ECB: ‘Impact of Supply Bottleneck Shocks Could Persist Through Much of 2022’
11 January 2022
By David Barwick – FRANKFURT (Econostream) – Supply constraints could continue to bedevil the euro area economy for most of the current year, the European Central Bank said on Tuesday.
In a pre-release from the eighth and last economic bulletin of 2021, due out Thursday, the ECB said: ‘The semiconductor shortages, negative pandemic developments in Asia and current congestion at container ports are unlikely to ease very much, suggesting that the euro area economy is expected to continue to be affected by these shocks over the coming months and that the impact of supply bottleneck shocks could persist through much of 2022, as also highlighted by the ECB’s contacts in the corporate sector.’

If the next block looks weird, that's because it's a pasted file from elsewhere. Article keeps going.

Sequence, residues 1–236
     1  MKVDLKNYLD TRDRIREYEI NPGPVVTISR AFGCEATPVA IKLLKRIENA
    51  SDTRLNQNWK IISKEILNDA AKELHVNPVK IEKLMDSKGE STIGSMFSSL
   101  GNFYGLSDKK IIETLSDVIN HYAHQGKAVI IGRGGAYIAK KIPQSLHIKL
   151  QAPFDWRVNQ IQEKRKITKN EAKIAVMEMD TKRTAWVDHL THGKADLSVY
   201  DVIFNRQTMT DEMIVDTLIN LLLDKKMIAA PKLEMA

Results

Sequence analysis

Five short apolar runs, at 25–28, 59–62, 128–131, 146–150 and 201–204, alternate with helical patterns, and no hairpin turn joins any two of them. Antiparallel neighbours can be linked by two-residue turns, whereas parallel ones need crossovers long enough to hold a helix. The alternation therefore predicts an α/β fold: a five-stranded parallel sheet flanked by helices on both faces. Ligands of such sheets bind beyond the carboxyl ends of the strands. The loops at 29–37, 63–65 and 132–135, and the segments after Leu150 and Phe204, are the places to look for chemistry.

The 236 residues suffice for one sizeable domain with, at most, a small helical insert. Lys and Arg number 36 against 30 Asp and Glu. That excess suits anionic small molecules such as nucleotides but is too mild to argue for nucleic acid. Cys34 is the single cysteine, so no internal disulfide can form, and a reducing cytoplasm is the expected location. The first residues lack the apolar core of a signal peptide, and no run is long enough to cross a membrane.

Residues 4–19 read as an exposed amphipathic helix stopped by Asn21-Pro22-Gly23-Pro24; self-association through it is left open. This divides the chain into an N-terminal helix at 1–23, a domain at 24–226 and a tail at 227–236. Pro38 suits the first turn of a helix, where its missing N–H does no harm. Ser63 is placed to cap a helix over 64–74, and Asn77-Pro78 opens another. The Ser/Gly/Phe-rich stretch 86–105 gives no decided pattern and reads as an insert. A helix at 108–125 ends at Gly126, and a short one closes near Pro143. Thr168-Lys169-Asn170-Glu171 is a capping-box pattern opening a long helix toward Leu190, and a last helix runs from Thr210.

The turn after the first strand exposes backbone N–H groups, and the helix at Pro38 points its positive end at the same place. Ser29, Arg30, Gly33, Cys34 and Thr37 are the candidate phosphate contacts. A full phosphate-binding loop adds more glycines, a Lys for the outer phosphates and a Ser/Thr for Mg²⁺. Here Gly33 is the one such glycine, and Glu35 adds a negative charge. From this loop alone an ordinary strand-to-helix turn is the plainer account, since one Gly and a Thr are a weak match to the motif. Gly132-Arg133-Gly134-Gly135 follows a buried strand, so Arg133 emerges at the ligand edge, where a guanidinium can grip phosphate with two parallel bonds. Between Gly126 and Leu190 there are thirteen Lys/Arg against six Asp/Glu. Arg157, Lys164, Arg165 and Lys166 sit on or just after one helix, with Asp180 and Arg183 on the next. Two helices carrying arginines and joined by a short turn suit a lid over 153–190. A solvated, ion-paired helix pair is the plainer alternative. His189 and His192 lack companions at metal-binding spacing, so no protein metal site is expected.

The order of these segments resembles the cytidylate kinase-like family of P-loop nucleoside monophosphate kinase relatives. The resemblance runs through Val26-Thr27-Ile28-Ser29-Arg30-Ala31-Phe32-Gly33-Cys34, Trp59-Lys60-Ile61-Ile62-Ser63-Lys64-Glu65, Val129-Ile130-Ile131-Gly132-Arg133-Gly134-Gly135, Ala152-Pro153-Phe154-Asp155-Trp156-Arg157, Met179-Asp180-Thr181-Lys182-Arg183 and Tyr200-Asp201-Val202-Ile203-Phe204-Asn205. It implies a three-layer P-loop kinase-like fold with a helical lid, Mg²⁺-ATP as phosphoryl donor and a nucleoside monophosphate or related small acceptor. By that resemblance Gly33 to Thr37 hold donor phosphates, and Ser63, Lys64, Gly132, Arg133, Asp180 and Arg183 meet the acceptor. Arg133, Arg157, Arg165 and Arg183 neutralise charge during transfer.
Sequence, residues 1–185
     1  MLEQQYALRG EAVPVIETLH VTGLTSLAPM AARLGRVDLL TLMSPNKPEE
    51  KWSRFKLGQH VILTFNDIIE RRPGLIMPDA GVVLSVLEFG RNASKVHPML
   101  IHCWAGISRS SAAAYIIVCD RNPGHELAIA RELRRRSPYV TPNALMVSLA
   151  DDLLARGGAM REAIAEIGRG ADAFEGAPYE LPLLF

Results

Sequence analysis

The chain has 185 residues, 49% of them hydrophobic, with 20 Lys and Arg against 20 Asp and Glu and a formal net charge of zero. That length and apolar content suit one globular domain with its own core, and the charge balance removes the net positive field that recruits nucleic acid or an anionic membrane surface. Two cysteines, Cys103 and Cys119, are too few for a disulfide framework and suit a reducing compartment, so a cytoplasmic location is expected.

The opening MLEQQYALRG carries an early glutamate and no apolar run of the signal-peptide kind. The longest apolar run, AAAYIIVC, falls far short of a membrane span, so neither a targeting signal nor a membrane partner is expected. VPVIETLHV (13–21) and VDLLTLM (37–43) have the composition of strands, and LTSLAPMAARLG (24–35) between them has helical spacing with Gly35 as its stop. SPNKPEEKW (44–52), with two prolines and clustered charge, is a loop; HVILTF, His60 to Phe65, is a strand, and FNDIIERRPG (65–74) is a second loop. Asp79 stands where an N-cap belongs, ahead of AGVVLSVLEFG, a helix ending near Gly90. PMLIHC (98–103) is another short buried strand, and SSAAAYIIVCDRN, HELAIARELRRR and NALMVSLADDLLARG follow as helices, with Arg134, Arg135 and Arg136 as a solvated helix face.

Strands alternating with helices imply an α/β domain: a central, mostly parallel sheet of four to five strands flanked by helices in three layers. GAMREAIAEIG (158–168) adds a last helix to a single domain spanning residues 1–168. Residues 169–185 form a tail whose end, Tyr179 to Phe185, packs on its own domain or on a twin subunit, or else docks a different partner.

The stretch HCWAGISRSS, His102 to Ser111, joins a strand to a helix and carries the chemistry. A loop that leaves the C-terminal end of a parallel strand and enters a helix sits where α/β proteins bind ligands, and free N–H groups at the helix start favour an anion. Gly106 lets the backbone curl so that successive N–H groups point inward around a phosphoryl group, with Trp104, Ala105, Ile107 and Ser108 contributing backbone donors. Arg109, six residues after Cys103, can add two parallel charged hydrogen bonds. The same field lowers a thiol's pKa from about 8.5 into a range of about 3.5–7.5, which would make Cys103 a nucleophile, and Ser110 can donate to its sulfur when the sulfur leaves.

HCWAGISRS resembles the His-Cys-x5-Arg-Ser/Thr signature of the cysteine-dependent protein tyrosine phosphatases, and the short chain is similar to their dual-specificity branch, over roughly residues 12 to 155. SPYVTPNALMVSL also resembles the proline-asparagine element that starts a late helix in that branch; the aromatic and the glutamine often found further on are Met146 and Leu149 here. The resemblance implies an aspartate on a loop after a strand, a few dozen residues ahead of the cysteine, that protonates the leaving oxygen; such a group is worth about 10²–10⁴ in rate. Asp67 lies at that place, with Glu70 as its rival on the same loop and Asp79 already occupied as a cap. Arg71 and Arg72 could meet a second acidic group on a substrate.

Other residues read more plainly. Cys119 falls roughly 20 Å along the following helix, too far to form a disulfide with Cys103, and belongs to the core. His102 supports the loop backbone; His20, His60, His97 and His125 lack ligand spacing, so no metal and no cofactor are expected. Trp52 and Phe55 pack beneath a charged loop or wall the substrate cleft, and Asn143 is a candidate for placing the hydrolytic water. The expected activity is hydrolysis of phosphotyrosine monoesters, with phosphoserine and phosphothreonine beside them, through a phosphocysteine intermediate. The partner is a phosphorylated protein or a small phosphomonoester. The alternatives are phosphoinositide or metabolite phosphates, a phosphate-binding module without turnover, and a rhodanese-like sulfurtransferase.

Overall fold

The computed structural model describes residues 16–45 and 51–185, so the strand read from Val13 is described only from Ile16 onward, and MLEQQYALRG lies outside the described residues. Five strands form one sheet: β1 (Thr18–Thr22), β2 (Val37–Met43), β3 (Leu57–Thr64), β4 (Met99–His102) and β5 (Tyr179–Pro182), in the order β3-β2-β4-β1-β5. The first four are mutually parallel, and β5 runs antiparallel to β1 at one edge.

The ECB noted that European Commission business and consumer surveys showed expectations in October of an additional worsening of material shortages almost everywhere in the area.
‘The larger the share of respondents confirming that their businesses were affected by shortages compared with the respective long-term average, the larger the share of respondents that expected a further deterioration in their situation, which corroborates with the overall assessment of a prolonged and persistent impact from supply bottlenecks’, it said.
Home office-related demand for equipment along with disruptions directly stemming from the pandemic had led to a shortage of semiconductors, hurting the automotive industry in particular, the report said. Freight shipping had suffered a ‘major shock’ from the pandemic.
‘According to the ECB’s contacts in the corporate sector, both semiconductor foundry capacity and cargo vessel capacity are expected to remain tight into 2023’, it said.
Between October 2020 and last September, supply bottlenecks may have shaved a cumulative 2.6% off of Eurozone industrial production, reducing 2021 real GDP growth by 0.5%, the ECB said. ‘This estimate can be considered a lower bound, as supply bottlenecks continued to affect production in the last quarter of 2021, as well as construction and business services’, it added.